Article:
A recent analysis conducted by the Congressional Research Service has shown that roughly 25 percent of millionaires don’t pay enough in federal taxes to be affected by the Buffett Rule – a recently proposed guideline aimed at taxing the rich more.
The study, which found that 94,500 millionaires pay an effective federal tax rate lower than that paid by 10.4 million middle-income wage earners, put the U.S. tax system in conflict with the Buffett principle, proposed by President Barack Obama in September after billionaire Warren Buffett, the 81- year-old chairman and chief executive officer of Berkshire Hathaway Inc., said it wasn’t fair for him to pay a lower percentage of income in taxes than his secretary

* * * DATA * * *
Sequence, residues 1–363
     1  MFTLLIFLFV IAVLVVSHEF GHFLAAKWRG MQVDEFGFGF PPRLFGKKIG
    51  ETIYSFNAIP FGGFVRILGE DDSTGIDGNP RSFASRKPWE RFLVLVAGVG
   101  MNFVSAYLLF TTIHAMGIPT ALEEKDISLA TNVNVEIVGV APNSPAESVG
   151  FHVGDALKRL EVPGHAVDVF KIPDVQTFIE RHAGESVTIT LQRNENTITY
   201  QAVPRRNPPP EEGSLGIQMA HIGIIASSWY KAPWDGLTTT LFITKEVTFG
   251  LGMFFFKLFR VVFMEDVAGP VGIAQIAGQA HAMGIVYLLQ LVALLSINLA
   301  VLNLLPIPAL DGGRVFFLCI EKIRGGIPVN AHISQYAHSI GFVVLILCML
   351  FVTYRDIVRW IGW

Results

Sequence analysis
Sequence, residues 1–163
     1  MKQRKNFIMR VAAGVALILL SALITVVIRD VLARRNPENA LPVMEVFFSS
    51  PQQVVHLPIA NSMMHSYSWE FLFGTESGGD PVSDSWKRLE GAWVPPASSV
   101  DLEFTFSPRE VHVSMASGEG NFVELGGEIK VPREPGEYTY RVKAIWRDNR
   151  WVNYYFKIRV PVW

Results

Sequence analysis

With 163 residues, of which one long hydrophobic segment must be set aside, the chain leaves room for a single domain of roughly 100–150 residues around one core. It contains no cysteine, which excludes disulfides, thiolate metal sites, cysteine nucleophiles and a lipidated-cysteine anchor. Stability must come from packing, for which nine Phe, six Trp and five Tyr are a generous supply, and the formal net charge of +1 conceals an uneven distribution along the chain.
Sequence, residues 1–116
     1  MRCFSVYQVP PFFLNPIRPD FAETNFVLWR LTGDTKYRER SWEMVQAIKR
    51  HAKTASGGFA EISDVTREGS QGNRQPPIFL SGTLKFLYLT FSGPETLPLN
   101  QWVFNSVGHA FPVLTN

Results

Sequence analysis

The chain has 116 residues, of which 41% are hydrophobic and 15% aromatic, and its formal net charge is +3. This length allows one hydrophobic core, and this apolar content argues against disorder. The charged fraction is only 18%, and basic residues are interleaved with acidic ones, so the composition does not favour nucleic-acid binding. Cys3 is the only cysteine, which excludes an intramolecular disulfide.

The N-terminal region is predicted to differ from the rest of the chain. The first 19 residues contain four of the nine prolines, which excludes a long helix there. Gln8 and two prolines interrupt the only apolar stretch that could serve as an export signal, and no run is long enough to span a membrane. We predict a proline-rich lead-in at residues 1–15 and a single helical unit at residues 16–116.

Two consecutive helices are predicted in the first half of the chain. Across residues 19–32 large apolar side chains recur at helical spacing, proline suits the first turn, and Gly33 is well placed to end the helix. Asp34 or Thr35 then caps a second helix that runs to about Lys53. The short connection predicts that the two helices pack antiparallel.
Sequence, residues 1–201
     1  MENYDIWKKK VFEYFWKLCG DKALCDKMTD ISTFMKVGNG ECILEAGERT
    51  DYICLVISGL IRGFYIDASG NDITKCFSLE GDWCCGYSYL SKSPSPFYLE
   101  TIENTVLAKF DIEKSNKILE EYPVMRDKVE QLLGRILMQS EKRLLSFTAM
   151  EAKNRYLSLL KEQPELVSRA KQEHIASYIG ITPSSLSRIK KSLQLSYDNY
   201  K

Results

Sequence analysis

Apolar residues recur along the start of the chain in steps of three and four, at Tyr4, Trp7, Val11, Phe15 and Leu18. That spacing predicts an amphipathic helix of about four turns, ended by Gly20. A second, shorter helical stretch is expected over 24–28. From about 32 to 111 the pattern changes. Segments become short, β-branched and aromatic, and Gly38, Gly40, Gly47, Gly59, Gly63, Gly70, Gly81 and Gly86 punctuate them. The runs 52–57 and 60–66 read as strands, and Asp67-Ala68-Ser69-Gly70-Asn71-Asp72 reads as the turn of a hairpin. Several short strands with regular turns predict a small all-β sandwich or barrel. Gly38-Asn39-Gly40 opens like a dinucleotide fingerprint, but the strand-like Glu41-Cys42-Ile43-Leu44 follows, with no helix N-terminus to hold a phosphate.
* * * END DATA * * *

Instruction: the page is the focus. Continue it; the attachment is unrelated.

“[Last year] what I paid was only 17.4% of my taxable income — and that’s actually a lower percentage than what was paid by any of the other 20 people in our office,” Buffett wrote in a New York Times op-ed last month.
According to Buffet, the reason that moderate-income taxpayers bear the brunt of the Social Security payroll tax is because it applies only to the first $106,800 in wages.
Furthermore, while ordinary income is taxed at rates ranging from 10 to 35 percent, a significant portion of millionaires derive the bulk of their income from investments – which typically are taxed at lower rates.
While critics of the Rule often assert that small businesses are the source of the greatest job creation, and that raising tax rates on small business owners would be bad for the economy, the CRS report found that “small businesses contribute only slightly more jobs than larger businesses relative to their employment share.”
The study also noted “most small business owners of startup firms are not in the top income categories and would not be affected by tax policies that observe the Buffett Rule.”